The very mention of Tibet evokes in the mind of the reader the image of a nation perilously situated in a geo-political matrix caught in the crossfire of history. However, this book reaches beyond immediate history to narrate Tibet's fascinating story of multiple traditions overlaid with legend, folklore, religious ceremony and festivals, and a natural beauty which leaves the onlooker breathless. The history of the periods prior to and following the emergence of a theocratic polity, permeating every aspect of society in a world increasingly marked by the declining influence of religion, are some of the themes skillfully woven into this book.
Tibetan life, culture and society are revealed through outstanding photographs which dramatize a scenography of snows and deserts, of civilisational adventure and happenings of this, the "roof of the world", The illustrations provide that rich synthesis of history, tradition and popular memory with everyday fables and symbolisms which make the country come alive. This is the book's promise: Tibet will "appear" and the reader will be held captive of this appearance.
About the Author:
Yeshi Choedon, at present involved in a post-doctoral research project at the Jawaharlal Nehru University, New Delhi, is the author of a book on China and the United Nations. She taught Political Science and International Relations at the Sikkim Government College, Gangtok, for seven years. She has authored several scholarly articles, and presented papers in many international seminars on the status of human rights in Tibet.
Dawa Norbu, born in Tibet and educated at St. Stephen's College, Delhi, received his doctorate at the University of California (Berkeley) and also taught at the San Francisco State University. Presently he is Associate Professor of Central Asian Studies at the Jawaharlal Nehru University, New Delhi and Fellow of East Asian Studies, University of Durham, UK. Widely regarded as an expert in his field, Dawa Norbu has many published works to his credit, amongst which the renowned.
When our publishers suggested that we write a text for a picture book on Tibet, we were a bit hesitant. For there are already so many pictorial works and coffee table books on Tibet. On second thought, however, we felt that there is a need for a concise and comprehensive book which can convey the spirit of Tibetan culture and history through both photographs and words.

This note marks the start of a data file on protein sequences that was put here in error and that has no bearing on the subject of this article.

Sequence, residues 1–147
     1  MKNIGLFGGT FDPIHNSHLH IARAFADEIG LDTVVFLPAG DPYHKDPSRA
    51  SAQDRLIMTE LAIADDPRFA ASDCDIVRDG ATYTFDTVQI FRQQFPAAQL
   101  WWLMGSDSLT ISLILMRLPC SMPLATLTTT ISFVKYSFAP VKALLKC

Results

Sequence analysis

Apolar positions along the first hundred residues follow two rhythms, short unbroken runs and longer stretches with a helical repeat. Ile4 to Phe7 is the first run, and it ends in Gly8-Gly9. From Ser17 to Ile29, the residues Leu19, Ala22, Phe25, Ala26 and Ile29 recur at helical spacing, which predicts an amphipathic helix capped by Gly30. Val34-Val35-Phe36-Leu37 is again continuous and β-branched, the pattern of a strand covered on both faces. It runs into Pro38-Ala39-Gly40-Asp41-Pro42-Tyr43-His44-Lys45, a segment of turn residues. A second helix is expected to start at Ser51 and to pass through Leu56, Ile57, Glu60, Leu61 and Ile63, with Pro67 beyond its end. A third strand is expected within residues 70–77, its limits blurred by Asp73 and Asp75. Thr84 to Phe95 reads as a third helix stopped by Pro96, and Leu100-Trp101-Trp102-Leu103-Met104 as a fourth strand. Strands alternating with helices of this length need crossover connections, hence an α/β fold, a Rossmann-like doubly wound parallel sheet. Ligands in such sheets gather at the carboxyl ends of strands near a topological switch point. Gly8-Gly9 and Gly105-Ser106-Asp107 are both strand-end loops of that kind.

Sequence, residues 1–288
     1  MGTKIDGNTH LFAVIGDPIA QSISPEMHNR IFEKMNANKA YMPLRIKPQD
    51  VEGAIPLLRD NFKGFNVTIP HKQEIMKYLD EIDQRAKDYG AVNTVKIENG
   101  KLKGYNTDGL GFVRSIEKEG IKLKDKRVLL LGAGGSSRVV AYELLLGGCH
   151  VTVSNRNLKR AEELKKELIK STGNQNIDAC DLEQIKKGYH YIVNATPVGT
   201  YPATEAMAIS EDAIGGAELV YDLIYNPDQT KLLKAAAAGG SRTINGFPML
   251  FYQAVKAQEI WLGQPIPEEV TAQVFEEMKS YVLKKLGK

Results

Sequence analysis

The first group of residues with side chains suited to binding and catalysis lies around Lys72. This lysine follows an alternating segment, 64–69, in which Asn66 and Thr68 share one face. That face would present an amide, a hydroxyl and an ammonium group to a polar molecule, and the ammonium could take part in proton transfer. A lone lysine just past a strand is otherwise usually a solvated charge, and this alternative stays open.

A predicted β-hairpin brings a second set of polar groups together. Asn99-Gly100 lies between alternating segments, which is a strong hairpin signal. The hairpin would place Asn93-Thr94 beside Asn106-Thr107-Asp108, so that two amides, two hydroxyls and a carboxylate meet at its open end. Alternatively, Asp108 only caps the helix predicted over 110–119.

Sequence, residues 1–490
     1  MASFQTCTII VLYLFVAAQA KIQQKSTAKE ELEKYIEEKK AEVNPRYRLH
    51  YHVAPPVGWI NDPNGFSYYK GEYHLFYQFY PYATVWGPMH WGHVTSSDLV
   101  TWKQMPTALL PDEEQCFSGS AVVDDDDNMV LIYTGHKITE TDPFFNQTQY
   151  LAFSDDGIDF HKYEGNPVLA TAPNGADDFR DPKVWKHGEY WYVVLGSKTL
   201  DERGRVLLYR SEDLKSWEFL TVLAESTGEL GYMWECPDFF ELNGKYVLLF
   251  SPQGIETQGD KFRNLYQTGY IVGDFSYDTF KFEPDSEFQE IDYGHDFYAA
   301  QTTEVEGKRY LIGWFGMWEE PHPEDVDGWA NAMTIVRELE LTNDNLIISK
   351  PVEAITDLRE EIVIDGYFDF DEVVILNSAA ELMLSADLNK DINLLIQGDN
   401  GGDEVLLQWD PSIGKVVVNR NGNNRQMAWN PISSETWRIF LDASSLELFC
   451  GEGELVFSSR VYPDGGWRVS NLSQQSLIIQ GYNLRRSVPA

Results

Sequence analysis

While envisaging such a book in our minds, we have tried our level best to do justice to the mysterious complexity of Tibetan history and culture within the limitations of space. We have tried to convey the spirit of Tibetan history through myths as well as historical facts, as these are found inextricably interwoven in Tibetan historical texts. We have also tried to give a fair and balanced coverage to all the periods of Tibetan history, even though we might have privileged, as we realised later, the Dalai Lama period more than others. We hope this is justified.
Tibetan religion is not a monolith, as it might appear to the general public. Tibetan Buddhism consists of four major sects, each characterised by a particular guru-lineage system originating in ancient India, distinct philosophical interpretations of Madhyamika philosophy, specific sectarian ritual practices, and different monastic organisations. Such specificities have, over the centuries, contributed to the rich diversity and the philosophical depth of Tibetan religious culture and civilisation. This also reflects Buddhist Tibet's fairly successful practice of cultural pluralism. We have made a sincere effort to give a balanced and fair coverage to each of the sects, describing their essential characteristics. We have also discussed Bon, the pre-Buddhist native religion of Tibet.
We hope we have given a glimpse of Tibetan literature, which is absolutely vast, in our sections on religion and history. The only omission might be art. Finally, we have abstained from political subjects in this text, which is essentially on religion, culture and social history.
While preparing this text, we have benefited from the resources of Jawaharlal Nehru University Library and Tibet House Library, New Delhi. We are grateful to the Tibet House director, Lama Doboom Tulku, and his staff and to Jawaharlal Nehru University Acting Librarian, Sri B. N. Rao and staff for all their help. Finally, we would like to thank our publishers, Mr Pramod Kapoor and Ms Bela Butalia, for their keen interest in this project.
Yeshi ChoedonDawa Norbu
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